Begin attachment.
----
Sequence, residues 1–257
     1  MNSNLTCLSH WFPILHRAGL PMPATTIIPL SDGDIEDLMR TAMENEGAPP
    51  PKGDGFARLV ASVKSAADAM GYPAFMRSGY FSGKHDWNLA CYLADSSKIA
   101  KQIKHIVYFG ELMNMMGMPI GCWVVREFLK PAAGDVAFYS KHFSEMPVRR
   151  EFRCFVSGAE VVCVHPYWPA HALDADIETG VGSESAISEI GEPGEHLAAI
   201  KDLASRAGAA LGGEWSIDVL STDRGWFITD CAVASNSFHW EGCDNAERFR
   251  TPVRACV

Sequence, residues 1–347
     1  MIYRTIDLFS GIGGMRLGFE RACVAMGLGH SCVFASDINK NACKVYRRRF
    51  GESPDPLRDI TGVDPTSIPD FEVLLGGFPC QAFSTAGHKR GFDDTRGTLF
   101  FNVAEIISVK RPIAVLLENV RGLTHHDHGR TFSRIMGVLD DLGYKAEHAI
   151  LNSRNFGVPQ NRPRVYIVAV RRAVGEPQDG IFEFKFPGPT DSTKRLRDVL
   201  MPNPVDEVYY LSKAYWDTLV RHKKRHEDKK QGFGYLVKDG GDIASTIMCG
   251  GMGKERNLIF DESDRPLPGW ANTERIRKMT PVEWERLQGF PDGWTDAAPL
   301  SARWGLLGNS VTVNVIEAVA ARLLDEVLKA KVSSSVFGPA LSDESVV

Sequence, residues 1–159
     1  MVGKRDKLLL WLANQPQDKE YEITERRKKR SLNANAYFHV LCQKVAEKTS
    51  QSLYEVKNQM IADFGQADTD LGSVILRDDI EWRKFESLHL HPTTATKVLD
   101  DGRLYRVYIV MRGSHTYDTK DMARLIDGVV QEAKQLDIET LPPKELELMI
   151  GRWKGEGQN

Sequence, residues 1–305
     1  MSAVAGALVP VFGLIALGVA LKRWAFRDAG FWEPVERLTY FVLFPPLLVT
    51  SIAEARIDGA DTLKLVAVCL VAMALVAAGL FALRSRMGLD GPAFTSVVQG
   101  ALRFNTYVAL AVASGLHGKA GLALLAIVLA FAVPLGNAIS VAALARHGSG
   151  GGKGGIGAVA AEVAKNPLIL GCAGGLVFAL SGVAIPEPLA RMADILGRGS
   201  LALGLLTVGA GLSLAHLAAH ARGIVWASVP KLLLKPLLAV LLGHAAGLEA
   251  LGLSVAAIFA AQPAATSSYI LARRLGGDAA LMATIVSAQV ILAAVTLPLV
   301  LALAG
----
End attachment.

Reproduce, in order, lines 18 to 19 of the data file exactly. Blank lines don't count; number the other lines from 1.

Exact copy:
    51  QSLYEVKNQM IADFGQADTD LGSVILRDDI EWRKFESLHL HPTTATKVLD
   101  DGRLYRVYIV MRGSHTYDTK DMARLIDGVV QEAKQLDIET LPPKELELMI